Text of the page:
INTRODUCTION: Acute myeloid leukemia (AML) is a rare hematologic cancer primarily affecting older people, with a median age at diagnosis of 67 years old (Almeida & Ramos, 2016). Heterogeneity in the presentation, functional status and presence of comorbidities among AML patients presents unique challenges for treatment. Intensive chemotherapy (IC), although the best option for prolonging survival, carries a risk of early death and other trade-offs, including significant time spent in the hospital. The toxicity of IC treatment and the requirement for prolonged hospitalizations may negatively affect patients' physical functioning and health-related quality of life (HRQoL). Novel, low-intensity treatments can be administered in the clinic and may pose less risk of immediate toxicities but may be associated with reduced efficacy. Each patient and family will approach these trade-offs differently, yet few studies examine the process of shared decision-making in AML. We aimed to better understand this process by eliciting patient/family and physician narratives about expectations and attitudes towards AML treatments. METHODS: Ten physicians in the US (n=4), UK (n=3) and Canada (n=3) and 12 AML patients (all US) and a member of their family took part in an individual, 60-minute qualitative telephone interview. Further interviews are scheduled and any additional data at the time of presentation will also be reported. The interviews followed a semi-structured guide comprising open-ended questions. The overarching aim of the interviews was to understand the value of living longer for AML patients who are not candidates for standard IC and to explore the treatment decision process from the patient, family and physician perspective. During the interviews, each participant (patient, family member or physician) completed a rating exercise in which they were asked to rate a list of pre-defined factors (9-10 factors) on a scale of 0 (not at all important) to 3 (very important) to determine their importance in AML treatment decisions. As well as providing a numerical rating for each factor, each participant was asked why they selected their rating and which three factors they would consider the most important. RESULTS: Across all three groups, relief in AML symptoms (namely fatigue and pain), longer survival and better QoL were equally considered the three most important factors when making a treatment decision. All three groups described the interaction between QoL and longer survival, explaining that any increase in survival would be important, but only if QoL (time spent with family, maintaining hobbies/interests) was maintained or improved. Physician's advice was also important to AML patients when making decisions regarding treatment. Other treatment-related factors within the rating task were rated as very important for at least a subset of patients, with no factors widely considered to be of limited importance. All participants noted that while relief of AML symptoms, longer survival and quality of life were all important, these had to be considered in light of treatment side effects and risk of infection. Likelihood of being hospitalized was important to family members, as they wanted to spend quality time at home with their loved ones, while patients and physicians considered hospitalization as an inevitable consequence of the disease and treatment. All participants reported that AML patients would consider taking any form of treatment if suitable and effective, regardless of the mode of administration. However, it was acknowledged that oral treatments would be more convenient and less invasive. The relative importance of location of care/treatment delivery was influenced by proximity to resources and whether the participant was based in an urban or rural setting. The ability to receive treatment at home was considered beneficial. CONCLUSIONS: The results from this rating exercise and qualitative interviews showed convergence across all stakeholders, indicating that AML patients, family and physicians have similar priorities regarding treatment decisions, prioritizing symptom relief, survival, and quality of life. The predominant treatment pathways in AML each require trade-offs in these factors, demonstrating the importance of shared decision making in ensuring the most appropriate treatment is selected for a given individual, in accordance with their values, goals, and preferences. Figure Disclosures LeBlanc: Jazz Pharmaceuticals: Research Funding; Daiichi-Sankyo: Membership on an entity's Board of Directors or advisory committees; Otsuka: Consultancy, Membership on an entity's Board of Directors or advisory committees; Heron: Membership on an entity's Board of Directors or advisory committees; Helsinn: Consultancy; Flatiron: Consultancy; NINR/NIH: Research Funding; Duke University: Research Funding; Astra Zeneca: Consultancy, Research Funding; Amgen: Membership on an entity's Board of Directors or advisory committees; Medtronic: Membership on an entity's Board of Directors or advisory committees; Seattle Genetics: Consultancy, Research Funding; Celgene: Honoraria; AbbVie: Membership on an entity's Board of Directors or advisory committees; Pfizer Inc: Consultancy; American Cancer Society: Research Funding; Agios: Honoraria, Membership on an entity's Board of Directors or advisory committees, Speakers Bureau; CareVive: Consultancy. Walter:Seattle Genetics: Research Funding; Agios: Consultancy; Amgen: Consultancy; Amphivena Therapeutics: Consultancy, Equity Ownership; Aptevo Therapeutics: Consultancy, Research Funding; Argenx BVBA: Consultancy; Astellas: Consultancy; BioLineRx: Consultancy; BiVictriX: Consultancy; Boehringer Ingelheim: Consultancy; Boston Biomedical: Consultancy; Covagen: Consultancy; Daiichi Sankyo: Consultancy; Jazz Pharmaceuticals: Consultancy; Kite Pharma: Consultancy; New Link Genetics: Consultancy; Pfizer: Consultancy, Research Funding; Race Oncology: Consultancy. Hernandez-Aldama:Pfizer Inc: Consultancy. Sully:Pfizer Inc: Consultancy; Adelphi Values Ltd: Employment. Bell:Pfizer Inc.: Employment, Equity Ownership. Johnson:Pfizer Inc: Consultancy; Adelphi Values Ltd: Employment. Peloquin:Pfizer Inc: Employment, Equity Ownership. Gater:Pfizer Inc: Consultancy; Adelphi Values Ltd: Employment. Welch:Pfizer Inc: Employment, Equity Ownership. O'Hara:Adelphi Values Ltd: Employment; Pfizer Inc: Consultancy. Russell:Astellas: Consultancy, Honoraria, Speakers Bureau; Pfizer Inc: Consultancy, Honoraria, Speakers Bureau; Jazz: Consultancy, Honoraria, Speakers Bureau; DSI: Consultancy, Honoraria, Speakers Bureau. Horikoshi:Pfizer Inc: Consultancy. Maze:Pfizer Inc: Consultancy; Novartis: Honoraria, Membership on an entity's Board of Directors or advisory committees.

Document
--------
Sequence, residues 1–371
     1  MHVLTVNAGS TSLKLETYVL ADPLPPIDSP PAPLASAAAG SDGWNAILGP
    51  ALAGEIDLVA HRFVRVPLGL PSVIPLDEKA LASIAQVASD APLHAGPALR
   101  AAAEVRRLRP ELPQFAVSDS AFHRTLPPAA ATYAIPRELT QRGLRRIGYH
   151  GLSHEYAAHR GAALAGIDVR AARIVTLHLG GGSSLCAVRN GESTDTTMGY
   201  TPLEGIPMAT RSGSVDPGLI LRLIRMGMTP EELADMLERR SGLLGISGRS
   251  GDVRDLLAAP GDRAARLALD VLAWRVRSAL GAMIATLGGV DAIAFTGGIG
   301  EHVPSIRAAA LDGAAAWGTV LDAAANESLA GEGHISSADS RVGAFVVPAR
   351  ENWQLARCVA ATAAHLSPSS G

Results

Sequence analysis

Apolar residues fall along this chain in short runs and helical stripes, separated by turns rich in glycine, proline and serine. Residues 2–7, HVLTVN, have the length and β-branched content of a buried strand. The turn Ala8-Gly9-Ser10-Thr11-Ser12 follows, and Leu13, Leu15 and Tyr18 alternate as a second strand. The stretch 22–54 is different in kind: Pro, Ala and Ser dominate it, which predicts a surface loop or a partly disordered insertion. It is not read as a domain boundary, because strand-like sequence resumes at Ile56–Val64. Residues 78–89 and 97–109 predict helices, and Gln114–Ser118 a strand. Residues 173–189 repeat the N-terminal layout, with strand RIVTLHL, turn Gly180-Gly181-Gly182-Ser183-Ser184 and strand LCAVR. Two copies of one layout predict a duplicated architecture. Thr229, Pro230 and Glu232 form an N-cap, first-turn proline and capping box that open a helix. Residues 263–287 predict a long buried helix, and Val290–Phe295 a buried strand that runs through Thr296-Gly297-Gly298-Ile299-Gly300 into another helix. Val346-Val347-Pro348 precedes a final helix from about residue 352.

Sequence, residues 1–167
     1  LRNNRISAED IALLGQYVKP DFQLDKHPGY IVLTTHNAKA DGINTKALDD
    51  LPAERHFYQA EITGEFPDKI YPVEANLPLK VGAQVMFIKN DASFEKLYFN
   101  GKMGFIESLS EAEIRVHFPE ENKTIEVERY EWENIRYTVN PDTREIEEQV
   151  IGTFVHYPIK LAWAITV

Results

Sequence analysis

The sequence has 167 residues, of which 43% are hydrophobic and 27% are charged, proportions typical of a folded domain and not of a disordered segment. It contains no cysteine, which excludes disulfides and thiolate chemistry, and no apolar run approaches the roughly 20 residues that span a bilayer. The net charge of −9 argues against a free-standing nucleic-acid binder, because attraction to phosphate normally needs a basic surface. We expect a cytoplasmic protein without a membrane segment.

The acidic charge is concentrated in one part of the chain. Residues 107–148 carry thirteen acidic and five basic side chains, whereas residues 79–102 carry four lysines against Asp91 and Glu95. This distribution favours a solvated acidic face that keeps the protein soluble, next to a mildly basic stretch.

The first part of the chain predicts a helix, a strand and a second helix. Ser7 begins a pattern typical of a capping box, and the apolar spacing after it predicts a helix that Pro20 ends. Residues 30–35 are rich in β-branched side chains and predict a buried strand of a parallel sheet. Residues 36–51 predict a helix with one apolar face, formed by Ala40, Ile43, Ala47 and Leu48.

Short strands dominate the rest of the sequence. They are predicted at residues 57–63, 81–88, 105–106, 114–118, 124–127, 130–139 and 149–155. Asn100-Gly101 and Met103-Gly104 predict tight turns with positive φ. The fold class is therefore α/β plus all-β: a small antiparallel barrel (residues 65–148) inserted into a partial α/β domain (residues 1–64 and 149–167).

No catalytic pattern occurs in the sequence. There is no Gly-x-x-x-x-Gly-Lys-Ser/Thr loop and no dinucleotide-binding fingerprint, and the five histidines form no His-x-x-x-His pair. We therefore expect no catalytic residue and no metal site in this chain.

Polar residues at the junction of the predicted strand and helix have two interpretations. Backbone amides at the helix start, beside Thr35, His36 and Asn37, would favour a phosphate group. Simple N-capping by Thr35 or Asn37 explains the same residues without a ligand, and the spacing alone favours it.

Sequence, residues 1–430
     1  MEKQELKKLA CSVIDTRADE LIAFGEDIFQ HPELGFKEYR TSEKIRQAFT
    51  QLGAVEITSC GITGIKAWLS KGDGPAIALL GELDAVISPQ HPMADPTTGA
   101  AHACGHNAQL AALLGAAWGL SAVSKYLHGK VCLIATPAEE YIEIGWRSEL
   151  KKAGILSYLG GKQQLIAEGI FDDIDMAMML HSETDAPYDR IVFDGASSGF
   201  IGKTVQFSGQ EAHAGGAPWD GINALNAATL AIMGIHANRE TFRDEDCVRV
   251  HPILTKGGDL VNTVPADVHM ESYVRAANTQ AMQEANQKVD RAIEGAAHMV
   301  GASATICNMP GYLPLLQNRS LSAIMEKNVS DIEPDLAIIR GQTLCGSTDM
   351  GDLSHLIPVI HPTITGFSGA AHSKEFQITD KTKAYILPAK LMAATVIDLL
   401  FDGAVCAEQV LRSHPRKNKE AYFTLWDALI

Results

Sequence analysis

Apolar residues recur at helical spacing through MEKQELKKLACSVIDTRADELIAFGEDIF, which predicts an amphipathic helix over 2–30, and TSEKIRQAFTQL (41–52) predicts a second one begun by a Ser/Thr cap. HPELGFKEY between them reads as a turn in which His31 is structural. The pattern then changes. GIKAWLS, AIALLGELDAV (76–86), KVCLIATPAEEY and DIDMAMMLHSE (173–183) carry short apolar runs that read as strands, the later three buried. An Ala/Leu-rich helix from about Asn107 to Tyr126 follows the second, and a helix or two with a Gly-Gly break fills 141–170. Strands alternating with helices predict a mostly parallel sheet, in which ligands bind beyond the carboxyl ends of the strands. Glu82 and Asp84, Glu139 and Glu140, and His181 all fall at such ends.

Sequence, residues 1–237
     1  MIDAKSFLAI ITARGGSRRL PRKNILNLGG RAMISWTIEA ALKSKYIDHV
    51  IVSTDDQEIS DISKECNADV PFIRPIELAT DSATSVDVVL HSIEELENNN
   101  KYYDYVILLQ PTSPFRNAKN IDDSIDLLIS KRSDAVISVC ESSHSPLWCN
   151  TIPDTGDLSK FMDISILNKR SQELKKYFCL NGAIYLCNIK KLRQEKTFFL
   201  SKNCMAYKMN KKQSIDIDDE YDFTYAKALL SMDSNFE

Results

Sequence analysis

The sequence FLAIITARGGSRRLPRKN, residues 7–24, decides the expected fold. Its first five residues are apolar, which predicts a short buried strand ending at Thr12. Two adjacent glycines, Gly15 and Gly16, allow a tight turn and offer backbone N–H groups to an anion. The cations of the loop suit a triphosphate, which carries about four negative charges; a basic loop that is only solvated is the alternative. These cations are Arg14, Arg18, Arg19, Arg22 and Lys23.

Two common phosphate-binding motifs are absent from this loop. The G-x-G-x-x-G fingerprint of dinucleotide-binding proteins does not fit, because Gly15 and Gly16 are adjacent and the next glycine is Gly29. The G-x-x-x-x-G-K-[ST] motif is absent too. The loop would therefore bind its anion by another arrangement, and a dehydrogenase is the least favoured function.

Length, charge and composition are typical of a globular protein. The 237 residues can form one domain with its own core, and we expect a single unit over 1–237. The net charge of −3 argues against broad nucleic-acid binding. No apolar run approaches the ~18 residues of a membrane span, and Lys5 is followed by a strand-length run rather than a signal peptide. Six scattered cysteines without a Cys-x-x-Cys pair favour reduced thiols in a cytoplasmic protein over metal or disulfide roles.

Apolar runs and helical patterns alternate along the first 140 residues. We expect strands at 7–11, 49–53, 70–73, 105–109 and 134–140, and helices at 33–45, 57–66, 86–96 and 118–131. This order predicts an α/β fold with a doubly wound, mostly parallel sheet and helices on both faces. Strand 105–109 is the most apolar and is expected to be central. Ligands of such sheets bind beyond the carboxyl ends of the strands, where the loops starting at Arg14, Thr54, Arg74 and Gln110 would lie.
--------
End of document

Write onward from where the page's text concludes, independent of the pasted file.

Full Text

Duke Authors

Cited Authors

  • LeBlanc, TW; Walter, RB; Hernandez-Aldama, L; Sully, K; Bell, TJ; Johnson, C; Peloquin, F; Gater, A; Welch, VL; O'Hara, L; Hohman, R; Merino, D; Russell, NH; Horikoshi, N; Maze, D

Published Date

  • November 13, 2019

Published In

Volume / Issue

  • 134 / Supplement_1

Start / End Page

  • 3498 - 3498

Published By

Electronic International Standard Serial Number (EISSN)

  • 1528-0020

International Standard Serial Number (ISSN)

  • 0006-4971

Digital Object Identifier (DOI)

  • 10.1182/blood-2019-124660